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  • The MANTA Vascular Closure Device: Requiring Attention From Beginning to End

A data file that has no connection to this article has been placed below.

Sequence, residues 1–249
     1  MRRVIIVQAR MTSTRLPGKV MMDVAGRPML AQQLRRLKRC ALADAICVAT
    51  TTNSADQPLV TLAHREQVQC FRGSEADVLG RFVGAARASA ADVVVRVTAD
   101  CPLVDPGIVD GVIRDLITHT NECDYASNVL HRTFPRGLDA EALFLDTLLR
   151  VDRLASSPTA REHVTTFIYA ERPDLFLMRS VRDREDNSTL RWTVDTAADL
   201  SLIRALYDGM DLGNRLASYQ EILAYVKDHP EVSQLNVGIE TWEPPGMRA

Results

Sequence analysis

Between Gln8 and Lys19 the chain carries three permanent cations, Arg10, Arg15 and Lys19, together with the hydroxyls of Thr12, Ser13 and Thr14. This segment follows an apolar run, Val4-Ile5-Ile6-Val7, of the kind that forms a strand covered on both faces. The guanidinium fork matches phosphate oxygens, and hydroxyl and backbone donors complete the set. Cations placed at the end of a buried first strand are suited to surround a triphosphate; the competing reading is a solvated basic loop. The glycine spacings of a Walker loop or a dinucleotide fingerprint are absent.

We were interested to read this paper by Megaly et al.  collating detailed information about complications with the MANTA vascular closure device (VCD; Teleflex, PA, USA) This also highlights the need to maintain data on VCD deployment failures, as more enter the market, though a valid point is made about selection bias around voluntary data entry into registries. Interestingly- and this seems to be a trend with the related literature around this VCD in general- most of the results emerge following transcatheter aortic valve replacement (TAVR), with only 23 deployments around endovascular aneurysm repair (EVAR), as the authors acknowledge. This of course indicates the earlier uptake of the device in cardiology as compared to vascular surgery, though there is more related to the latter in other studies  , and will continue to emerge with more device uptake amongst vascular surgeons, who still predominantly use suture-mediated closure devices (SMCDs) in this respect. This has become a default VCD (for AC) on an all-comers basis for large-bore punctures, and is currently undergoing prospective audit, approaching 100 deployments for analysis soon. Whilst prospectively auditing the first 50 deployments over August 2020–May 2021 to assess early failure and also early follow-up features following at endovascular aneurysm repair (EVAR; n = 45), thoracic EVAR (TEVAR; n = 4) and popliteal EVAR (PEVAR; n = 1). A mix of VCDs were deployed - 18F (n = 24/48%), and 14F (n = 26/52%) – and the immediate deployment failure rate was noted to be 2% (pseudoaneurysm due to subcutaneous deployment, n = 1; failed haemostasis was treated with overnight pressure dressings and the pseudoaneurysm, kept under observation as small, was noted to spontaneously resolve at 1 year follow-up), with no vessel stenosis or occlusion noted on follow-up scans at median 4 (IQR2) weeks (43 groins available for assessment). The authors make a valid point about recognising problems, but also make valid points about ‘prevention being better than cure’ in any case. To that extent, we undertake all femoral arterial punctures under ultrasound guidance, and this has the benefit of avoiding being too high ( i.e. near the inguinal ligament as the authors indicate) or too low (which allows open easy single vessel control if open conversion is needed for failed deployments, and avoids inappropriate puncture of branch vessels like the deep femoral artery). We do not believe calcification or obesity are an issue if deployments are made with due care, and certainly have noted this with other plug-based VCDs  .

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